Here’s another dance classic from the Italian-American conglomerate out for Chic’s mantle. Disco music became a more intimate affair, and while universal themes weren’t abandoned, the vibe felt a little more guarded than in the past. Change typified that feel and songs like this one, which was a huge #1 Club song and Top 10 Soul smash, only ended up finding their Xanadu at #80.

June 5th, 1982

81. Cheap Trick – If You Want My Love

Between their last Top 40 hit, 1980’s Voices, and their next one, 1988’s The Flame, Cheap trick charted five entries into the Other Sixty club, with four of them peaking between #41 & #50. Here’s another miss from the Illinois power poppers that will flatline at #45. It will hit #2 in Australia.

85. Ashford and Simpson – Street Corner

One of Motown’s most successful songwriting duos recorded many great Soul albums of their own, though they had only charted on Top 40 hit thus far – Found A Cure in 1979. Three albums later, they’re back on the Hot 100 with the lead single from their LP, Street Opera. It will only get as high as #56.

87. Chic – Soup For One

Here’s one of my favorite Chic songs, a soundtrack single from a movie that no one saw. I don’t think even aired on HBO back then. You can hear the musical seeds Nile was sowing and eventually harvested by David Bowie’s Let’s Dance, which was recorded right after this. After absolutely ruling in 1979, this will be their last chart hit. The soup will be all gone by #80. It will also be their last R&B Top 40.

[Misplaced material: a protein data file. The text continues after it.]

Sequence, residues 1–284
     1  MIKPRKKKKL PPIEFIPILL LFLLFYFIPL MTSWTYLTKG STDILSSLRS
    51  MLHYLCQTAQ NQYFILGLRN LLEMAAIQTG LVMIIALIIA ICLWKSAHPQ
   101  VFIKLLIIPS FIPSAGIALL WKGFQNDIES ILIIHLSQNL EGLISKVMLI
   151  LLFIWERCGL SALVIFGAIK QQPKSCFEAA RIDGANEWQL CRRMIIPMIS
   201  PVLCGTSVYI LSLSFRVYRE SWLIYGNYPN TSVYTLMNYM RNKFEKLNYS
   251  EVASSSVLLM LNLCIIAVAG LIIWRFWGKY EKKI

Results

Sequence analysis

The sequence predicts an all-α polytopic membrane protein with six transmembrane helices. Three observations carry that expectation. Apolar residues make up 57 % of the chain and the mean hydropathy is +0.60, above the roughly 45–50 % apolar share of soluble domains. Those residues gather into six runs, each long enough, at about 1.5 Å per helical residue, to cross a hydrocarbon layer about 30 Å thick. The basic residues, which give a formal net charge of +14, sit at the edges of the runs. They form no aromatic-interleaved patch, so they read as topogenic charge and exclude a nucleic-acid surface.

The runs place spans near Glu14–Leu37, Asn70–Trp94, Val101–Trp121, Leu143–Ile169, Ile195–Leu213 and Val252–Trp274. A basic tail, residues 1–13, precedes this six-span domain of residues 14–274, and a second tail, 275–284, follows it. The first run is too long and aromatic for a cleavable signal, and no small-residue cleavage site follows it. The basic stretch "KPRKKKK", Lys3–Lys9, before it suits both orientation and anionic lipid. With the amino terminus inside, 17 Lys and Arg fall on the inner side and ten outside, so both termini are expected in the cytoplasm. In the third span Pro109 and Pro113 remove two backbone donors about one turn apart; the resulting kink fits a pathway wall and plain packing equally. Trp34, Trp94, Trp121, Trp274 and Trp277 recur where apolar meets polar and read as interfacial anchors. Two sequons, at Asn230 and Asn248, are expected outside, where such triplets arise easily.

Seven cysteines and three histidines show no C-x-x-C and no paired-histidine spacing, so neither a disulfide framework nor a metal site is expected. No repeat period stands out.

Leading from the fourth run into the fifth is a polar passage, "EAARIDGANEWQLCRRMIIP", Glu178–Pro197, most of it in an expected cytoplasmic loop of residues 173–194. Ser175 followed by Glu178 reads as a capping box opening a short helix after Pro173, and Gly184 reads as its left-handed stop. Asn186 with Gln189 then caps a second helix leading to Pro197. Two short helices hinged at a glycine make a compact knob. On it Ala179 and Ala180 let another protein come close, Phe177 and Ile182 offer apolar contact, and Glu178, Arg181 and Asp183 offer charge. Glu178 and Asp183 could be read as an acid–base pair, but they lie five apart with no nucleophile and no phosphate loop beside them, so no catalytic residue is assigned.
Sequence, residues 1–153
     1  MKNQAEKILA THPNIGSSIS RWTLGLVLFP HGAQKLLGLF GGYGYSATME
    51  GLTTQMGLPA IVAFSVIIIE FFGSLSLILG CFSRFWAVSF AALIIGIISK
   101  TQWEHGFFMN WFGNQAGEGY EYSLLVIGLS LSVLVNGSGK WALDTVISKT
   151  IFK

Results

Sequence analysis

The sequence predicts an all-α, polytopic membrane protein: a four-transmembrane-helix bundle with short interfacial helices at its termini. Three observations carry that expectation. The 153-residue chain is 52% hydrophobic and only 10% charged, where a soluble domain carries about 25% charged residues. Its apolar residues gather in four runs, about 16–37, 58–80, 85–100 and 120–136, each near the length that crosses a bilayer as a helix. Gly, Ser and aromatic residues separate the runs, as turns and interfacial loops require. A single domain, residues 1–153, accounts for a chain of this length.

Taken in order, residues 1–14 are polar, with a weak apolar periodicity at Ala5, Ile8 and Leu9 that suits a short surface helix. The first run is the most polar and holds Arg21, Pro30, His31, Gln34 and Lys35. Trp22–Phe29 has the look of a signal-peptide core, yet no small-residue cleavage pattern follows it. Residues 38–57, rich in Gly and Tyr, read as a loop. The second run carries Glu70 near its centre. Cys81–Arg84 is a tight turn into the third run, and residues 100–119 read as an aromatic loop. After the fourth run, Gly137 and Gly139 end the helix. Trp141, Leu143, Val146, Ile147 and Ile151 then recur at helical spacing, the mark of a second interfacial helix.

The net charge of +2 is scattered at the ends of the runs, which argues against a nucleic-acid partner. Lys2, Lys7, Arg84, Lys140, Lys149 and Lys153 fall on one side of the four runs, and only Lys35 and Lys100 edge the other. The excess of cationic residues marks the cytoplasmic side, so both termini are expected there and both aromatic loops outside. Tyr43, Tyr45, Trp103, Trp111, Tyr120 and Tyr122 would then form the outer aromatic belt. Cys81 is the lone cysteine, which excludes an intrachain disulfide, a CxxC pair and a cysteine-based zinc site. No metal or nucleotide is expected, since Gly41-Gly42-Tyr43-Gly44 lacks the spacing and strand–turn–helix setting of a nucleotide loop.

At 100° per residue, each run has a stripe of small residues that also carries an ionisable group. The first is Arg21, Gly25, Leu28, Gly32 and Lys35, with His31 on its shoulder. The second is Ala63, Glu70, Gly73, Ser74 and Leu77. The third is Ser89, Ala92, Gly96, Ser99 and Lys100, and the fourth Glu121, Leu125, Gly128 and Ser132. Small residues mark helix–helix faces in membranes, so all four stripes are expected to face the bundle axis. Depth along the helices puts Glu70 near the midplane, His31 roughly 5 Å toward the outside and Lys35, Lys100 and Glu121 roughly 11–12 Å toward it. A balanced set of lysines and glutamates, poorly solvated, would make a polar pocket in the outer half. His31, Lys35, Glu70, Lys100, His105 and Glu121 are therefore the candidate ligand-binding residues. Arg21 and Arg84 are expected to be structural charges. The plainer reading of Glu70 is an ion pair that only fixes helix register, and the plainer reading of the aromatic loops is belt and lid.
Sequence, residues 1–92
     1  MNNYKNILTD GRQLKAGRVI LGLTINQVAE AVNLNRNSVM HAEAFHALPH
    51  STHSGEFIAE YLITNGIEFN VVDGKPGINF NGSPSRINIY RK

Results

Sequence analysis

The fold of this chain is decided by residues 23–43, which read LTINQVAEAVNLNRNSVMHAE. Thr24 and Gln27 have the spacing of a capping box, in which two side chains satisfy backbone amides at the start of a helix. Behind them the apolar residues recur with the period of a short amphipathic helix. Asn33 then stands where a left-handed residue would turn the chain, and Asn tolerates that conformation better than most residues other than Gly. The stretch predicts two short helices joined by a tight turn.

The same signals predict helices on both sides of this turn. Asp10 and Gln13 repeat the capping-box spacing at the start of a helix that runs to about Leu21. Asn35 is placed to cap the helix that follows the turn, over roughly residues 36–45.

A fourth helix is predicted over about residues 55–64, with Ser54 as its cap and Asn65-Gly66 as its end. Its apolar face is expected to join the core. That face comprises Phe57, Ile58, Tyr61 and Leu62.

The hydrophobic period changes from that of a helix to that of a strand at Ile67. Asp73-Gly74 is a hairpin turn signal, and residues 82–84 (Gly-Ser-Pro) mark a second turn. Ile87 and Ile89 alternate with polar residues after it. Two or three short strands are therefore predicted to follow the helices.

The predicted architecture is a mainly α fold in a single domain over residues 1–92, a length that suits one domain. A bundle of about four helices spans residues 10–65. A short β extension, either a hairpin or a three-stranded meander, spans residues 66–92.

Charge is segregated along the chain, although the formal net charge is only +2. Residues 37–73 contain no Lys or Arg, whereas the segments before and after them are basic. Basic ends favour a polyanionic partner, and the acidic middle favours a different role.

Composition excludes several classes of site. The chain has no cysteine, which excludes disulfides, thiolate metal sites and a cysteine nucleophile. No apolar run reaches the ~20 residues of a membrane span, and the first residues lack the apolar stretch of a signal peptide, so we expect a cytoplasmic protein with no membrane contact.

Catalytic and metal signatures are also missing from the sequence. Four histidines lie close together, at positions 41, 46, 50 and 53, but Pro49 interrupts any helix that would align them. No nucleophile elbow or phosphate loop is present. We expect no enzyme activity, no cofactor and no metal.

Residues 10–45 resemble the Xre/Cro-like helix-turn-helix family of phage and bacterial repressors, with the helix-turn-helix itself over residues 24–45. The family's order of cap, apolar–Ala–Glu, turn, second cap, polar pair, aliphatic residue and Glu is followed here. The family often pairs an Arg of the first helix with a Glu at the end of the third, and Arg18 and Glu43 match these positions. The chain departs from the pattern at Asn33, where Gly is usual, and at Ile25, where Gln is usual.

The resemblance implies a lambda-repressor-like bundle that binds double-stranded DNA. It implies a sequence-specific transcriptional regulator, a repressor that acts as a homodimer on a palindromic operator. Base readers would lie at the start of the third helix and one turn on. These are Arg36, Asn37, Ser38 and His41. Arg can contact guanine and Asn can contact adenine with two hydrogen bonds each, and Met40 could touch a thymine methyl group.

89. Ambrosia – How Can You Love Me

The band known for their WestCoast hits, How Much I Feel and Biggest Part Of Me was at the end of the line in 1982. They released their final album together, Road Island before David Pack moved on, and the other members found new gigs. This will be their last chart entry and only move up three more spots.

Fun fact: A young keyboard player named Bruce Hornsby played with the band on their tour in 1982 and will eventually form his own group with bass player Joe Puerta.

June 4th, 1983

77. Greg Kihn Band – Love Never Fails

After eight albums, Greg finally had a significant hit in 1983 when Jeopardy went all the way to #2 held down only by the Thriller juggernaut of Beat It. The follow-up was a moody midtempo number, which is another quality song on Kihntinued. But for some reason, it wasn’t as immediate as its predecessor and will fail at #59.

90. Maze Featuring Frankie Beverly – Love Is The Key

I have no idea why Maze didn’t click with Pop radio. This song makes me feel so good, and it only takes five seconds into it before I’m moving.  Play it yourself and see. It’s so infectious. This Top 5 Soul song will get locked out at #80.

92. Red Rockers – China

Here’s a New Wave classic that has nothing to do with Sammy Hagar, thankfully. This New Orleans outfit started out a lot more aggressive and punk but then added more melody and smoothed out their sound as the 80s wore on. The single is from their second album, Good As Gold, and will be their only chart hit, climbing up to #53.

94. Loz Netto – Fade Away

Sniff N The Tears busted through the radio in 1979 with one of my favorite singles of the decade, Drivers Seat. They rode out that momentum for four albums before splitting up in 1982. Their guitarist, Loz, left the band in 1981 after an unfortunate motorcycle accident kept him on the sidelines. While he was rehabbing, he wrote some new songs, recorded them as demos, and shopped them around, procuring a record contract. His solo career started with his first album, Bzar, in 1982, and this single became a surprise Hot 100 entry, spurred on no doubt by video airplay on MTV. It will, yes, fade away after reaching #82.

95. Nona Hendryx – Keep It Confidential

The former LaBelle singer has her first chart entry as a solo artist with a single from her album, Nona. Featuring guitar by Nile Rodgers, this 45 builds up slowly before getting funky but will give up its secrets at #91.